Digital Museum:The Comfort Women Issue and the Asian Women's Fund
  Various Efforts regarding Comfort Women issue >Discussions in the international organizations,
Eg. United Nations
 Discussions in the international organizations, Eg. United Nations PreviousNext
In the various organizations of the United Nations the comfort women issue was put on the agenda from early 1990s. The first important document was an attachment to a report dated January 4, 1996, submitted by the Special Rapporteur Radhika Coomaraswamy, who was appointed by the United Nations Commission on Human Rights (UNCHR). It is entitled "Report on the mission to the Democratic People's Republic of Korea, the Republic of Korea and Japan on the issue of the military sexual slavery in wartime.(Full text see).

This report regards the comfort women issue as “military sexual slavery,” and asserts that the Japanese Government should accept legal responsibility for the violation of international law. The Special Rapporteur wrote that the Japanese Government had accepted moral responsibility for the existence of the comfort women, and that she “considers this a welcome beginning.” She also wrote that she saw the Asian Women’s Fund “as an expression of the Japanese Government’s moral concern for the fate of ‘comfort women.’” However, she stated that this did not exempt the Government from “the legal claims of ‘comfort women’ under public international law.” In addition, she called on the Japanese Government to accept legal responsibility, pay compensation, make a full disclosure of documents and materials in its possession, issue a public apology, raise awareness by amending educational curricula to reflect historic realities, and punish perpetrators as far as possible.United Nations World Conference on Human Rights in Vienna, 1993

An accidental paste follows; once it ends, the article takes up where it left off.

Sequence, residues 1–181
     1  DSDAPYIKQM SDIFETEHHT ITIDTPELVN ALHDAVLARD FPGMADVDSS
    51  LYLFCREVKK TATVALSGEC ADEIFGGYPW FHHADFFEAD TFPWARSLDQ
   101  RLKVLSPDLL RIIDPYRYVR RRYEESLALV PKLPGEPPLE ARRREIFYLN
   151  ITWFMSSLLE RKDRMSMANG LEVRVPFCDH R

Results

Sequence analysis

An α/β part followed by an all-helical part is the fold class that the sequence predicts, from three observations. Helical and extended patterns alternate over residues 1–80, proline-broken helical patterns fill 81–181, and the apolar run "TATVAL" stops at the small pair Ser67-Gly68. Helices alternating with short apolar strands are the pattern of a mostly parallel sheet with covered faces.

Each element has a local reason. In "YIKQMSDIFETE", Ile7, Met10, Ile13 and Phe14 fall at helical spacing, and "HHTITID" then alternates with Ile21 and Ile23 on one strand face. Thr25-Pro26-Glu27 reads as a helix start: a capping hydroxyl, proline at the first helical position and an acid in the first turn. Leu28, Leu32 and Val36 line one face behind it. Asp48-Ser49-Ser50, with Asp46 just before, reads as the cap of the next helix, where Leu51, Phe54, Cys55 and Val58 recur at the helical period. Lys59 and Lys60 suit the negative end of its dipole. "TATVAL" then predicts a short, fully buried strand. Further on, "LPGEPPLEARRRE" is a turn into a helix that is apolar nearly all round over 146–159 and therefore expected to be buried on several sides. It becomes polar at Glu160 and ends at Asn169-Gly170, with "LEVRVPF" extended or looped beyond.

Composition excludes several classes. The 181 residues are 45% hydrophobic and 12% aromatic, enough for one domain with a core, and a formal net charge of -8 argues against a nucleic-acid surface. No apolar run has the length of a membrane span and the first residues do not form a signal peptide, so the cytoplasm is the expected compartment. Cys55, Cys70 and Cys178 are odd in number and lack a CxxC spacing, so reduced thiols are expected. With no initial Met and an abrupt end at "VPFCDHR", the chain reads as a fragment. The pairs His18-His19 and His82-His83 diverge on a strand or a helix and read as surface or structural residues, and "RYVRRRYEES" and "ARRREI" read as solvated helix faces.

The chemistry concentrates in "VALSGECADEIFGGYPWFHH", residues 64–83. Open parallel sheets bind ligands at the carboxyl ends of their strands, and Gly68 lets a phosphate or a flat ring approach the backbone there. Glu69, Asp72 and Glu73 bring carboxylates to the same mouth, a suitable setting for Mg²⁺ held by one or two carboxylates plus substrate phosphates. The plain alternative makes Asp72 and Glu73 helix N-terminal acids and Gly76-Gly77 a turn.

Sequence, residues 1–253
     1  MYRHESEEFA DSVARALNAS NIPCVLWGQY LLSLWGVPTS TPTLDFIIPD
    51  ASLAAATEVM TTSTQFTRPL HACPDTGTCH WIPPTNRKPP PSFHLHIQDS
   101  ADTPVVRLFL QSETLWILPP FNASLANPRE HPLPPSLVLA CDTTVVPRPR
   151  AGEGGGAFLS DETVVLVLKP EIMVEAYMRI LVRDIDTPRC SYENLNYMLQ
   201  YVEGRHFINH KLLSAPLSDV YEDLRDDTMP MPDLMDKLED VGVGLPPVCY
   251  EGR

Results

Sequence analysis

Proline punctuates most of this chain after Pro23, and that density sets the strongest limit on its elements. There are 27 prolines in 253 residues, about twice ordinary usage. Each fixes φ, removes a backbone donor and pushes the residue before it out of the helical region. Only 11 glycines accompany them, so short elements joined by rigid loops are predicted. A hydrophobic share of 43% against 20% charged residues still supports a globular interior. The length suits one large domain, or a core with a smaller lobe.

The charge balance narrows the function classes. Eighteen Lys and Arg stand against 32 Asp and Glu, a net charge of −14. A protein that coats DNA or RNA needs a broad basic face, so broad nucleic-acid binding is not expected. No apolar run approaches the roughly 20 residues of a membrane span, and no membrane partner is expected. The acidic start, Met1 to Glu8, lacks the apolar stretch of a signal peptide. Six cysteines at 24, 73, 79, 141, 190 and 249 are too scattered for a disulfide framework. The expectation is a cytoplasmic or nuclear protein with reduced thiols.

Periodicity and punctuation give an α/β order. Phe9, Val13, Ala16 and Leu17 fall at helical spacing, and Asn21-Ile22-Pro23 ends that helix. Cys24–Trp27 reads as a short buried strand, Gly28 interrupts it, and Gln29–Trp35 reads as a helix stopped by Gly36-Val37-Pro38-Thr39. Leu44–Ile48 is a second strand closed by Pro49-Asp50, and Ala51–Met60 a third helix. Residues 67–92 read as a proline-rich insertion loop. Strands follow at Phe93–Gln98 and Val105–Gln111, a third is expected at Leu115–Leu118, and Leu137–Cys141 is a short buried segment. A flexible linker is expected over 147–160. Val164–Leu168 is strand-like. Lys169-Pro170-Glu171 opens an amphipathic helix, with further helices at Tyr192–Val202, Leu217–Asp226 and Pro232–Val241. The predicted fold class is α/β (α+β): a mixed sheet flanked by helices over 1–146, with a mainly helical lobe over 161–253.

On June 22, 1998, two years after the Coomaraswamy report, the United Nations Special Rapporteur on Violence against Women in Wartime Gay McDougal submitted a report to the UNCHR Sub-Commission on the Prevention of Discrimination and Protection of Minorities. The report was entitled "Contemporary Forms of Slavery." In this report, the nature of the comfort station systen was unilaterally described as "sexual slavery at a rape center." (Full text see.)
On the other hand, as early as in 1997, the Sub-Commission (now the Sub-Commission on the Promotion and Protection of Human Rights) recognized, taking note of the information provided by the Government of Japan, that “the positive steps” were made so far towards the solution of this issue (Full text see). Many of the UNCHR members and members of the Sub-Commission expressed a certain degree of appreciation with respect to the handling of the problem by the Japanese government and especially the atonement project and other activities implemented by the Fund. They said that they were not sufficient, but that they were at least a step forward toward solving the problem. The UN High Commissioner for Human Rights Mary Robinson also evaluated the activities of the Fund positively.

The United Nations
   The Commission on Human Rights
   The Sub-Commission on the Promotion and Protection of Human Rights

The ILO and other organizations
   Other organizations



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